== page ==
Equal Protection for Puerto Rico. The U.S. House of Representatives yesterday approved the U.S. Territories Investor Protection Act of 2016 (H.R. 5322), a bill to put an end to a current legal loophole that a lawmaker contends has led to financial losses for many Puerto Rican investors and retirees. The legislation, authored by Rep. Nydia M. Velázquez (D-NY) would close a decades-old loophole that has caused significant financial losses for many Puerto Rican investors and retirees. The bill (HR 5322) would extend to investment companies operating in Puerto Rico and all the U.S. territories the same rules as those that apply on the U.S. mainland—or as the Congresswoman yesterday told her colleagues: “For too long, this massive oversight in federal investment law meant that residents of Puerto Rico did not have the same consumer safeguards as are available on the mainland…The result has been that many retirees and others have suffered enormous losses on financial products they have been sold by unscrupulous companies.” She noted that it has been publicly reported that some actors in Puerto Rico have used the current law’s loophole to act both as an underwriter for the issuance of bonds, and then repackaged those same bonds into mutual funds which are sold exclusively to investors on the island—something permissible in Puerto Rico, but prohibited on the U.S. mainland. Now, as the Congresswoman notes, “The situation has been compounded by Puerto Rico’s ongoing debt crisis. Puerto Rican investors holding government bonds have suffered massive losses and are claiming that some financial companies did not properly disclose the risks of these funds, due to this conflict of interest”—adding: “I’ve heard of people losing their hard earned savings because of these gaps in the law: This bill would ensure statutory parity and prevent working families in Puerto Rico from being sold unsound investments that could not be marketed anywhere else in the U.S.” At the time the exemption was enacted in 1940, it was suggested that Puerto Rico and other “U.S. possessions” were physically located too far away for the Investment Act protections to be enforced. Since then both Hawaii and Alaska, which are farther away from the mainland than Puerto Rico, have been granted statehood and, ergo, the protections in the 1940 Act. Additionally, air travel between the U.S. and Puerto Rico is common and many of these financial instruments are today traded electronically. Rep. Velasquez added the bill would ensure statutory parity and prevent working families in Puerto Rico from being sold unsound investments that could not be marketed anywhere else in the U.S.—noting that Puerto Rico’s current fiscal crisis has only compounded the negative effects of the loophole.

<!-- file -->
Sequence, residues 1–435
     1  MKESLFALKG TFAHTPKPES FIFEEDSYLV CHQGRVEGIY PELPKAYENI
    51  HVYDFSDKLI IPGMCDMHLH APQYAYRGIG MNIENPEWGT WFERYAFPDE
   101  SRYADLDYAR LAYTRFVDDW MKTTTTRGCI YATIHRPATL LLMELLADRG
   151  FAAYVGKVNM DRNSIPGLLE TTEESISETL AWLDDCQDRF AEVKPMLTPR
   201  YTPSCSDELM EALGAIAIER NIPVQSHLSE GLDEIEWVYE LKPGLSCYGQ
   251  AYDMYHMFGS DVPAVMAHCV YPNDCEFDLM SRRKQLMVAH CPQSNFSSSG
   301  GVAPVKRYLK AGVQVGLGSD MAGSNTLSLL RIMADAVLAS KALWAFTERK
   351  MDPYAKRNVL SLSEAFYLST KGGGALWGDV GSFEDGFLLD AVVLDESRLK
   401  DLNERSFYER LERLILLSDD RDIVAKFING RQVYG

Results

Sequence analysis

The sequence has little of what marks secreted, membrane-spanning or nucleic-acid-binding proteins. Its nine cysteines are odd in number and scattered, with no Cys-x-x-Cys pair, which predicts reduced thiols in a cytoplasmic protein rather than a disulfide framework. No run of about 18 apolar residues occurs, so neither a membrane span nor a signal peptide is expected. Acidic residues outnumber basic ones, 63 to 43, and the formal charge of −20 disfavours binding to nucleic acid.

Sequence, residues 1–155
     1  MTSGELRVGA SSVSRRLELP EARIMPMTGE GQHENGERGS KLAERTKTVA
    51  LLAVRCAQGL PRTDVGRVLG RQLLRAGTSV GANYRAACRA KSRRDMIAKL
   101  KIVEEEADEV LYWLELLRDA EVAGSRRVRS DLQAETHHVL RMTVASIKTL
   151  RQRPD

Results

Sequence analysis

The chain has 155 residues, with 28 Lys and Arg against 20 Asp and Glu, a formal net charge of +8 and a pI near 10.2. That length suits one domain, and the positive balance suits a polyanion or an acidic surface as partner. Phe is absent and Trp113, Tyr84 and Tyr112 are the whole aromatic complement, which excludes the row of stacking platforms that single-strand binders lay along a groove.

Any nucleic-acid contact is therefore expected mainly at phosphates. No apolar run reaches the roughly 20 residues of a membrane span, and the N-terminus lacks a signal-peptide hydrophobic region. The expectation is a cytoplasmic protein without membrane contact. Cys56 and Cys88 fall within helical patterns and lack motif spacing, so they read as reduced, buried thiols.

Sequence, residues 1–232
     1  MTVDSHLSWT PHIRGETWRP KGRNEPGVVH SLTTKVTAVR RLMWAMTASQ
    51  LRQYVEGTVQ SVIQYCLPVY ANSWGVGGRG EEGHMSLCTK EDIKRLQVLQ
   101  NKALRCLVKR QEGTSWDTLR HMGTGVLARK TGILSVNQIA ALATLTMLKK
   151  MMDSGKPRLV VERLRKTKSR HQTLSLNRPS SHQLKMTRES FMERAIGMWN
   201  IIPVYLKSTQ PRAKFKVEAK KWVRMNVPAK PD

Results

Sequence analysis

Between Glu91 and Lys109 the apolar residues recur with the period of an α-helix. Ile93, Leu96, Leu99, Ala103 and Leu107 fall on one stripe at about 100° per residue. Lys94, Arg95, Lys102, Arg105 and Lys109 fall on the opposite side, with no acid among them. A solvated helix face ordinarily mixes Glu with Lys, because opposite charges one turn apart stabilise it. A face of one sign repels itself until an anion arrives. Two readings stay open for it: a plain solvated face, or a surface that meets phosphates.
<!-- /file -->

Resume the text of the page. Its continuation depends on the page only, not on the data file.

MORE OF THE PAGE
The Puerto Rico Aqueduct & Sewer Authority (PRASA) wants to issue the debt through a new agency to finance construction work delayed by the government’s fiscal crisis. As an inducement to skeptics, the agency would give investors first claim on revenue it collects from water and sewer bills, according to Efrain Acosta, the PRASA Finance Director. It may also exchange an additional $1.1 billion of securities for its outstanding bonds to investors willing to accept less than they’re owed. Yet, as Mr. Acosta notes, the municipal market is “tough at this moment,” adding: “[W]e have to go forward with our plan and see if we can get new money to pay our contractors and try to restart our construction plan.” Puerto Rico has not sold municipal bonds for more than two years. Now the uncertainty about new municipal debt issuance is further clouded by the uncertain governance situation: when will the PROMESA oversight board be named—and, when it is named by the White House—how will it act with regard to any new issuance of debt. Indeed, the day after President Obama signed the PROMESA act into law, Puerto Rico defaulted on nearly half of $2 billion of principal and interest that was due—a default which marked the single greatest payment failure ever in the U.S. municipal-bond market; instead PRASA negotiated with creditors to delay $12.7 million that it owed. That is, Puerto Rico is entering a very different kind of municipal finance territory than Detroit, Central Falls, Jefferson County, etc.—all previous chapter 9 municipal bankruptcy filers which have been able, post-bankruptcy—to return to the issuance of capital debt; but chapter 9 is not available to Puerto Rico, so now it has the very challenging task of determining what promise there might be in PROMESA: can the yet-to-be-named oversight board—as previous such boards did in New York City and Washington, D.C. help realign the fiscal stars to allow Puerto Rico to regain its fiscal feet. In addition to selling new municipal debt, PRASA would offer municipal bond investors a chance to exchange their securities at a 15 percent loss, according to Mr. Acosta: such new bonds would be backed by a pledge of as much as 20 percent of PRASA’s revenue.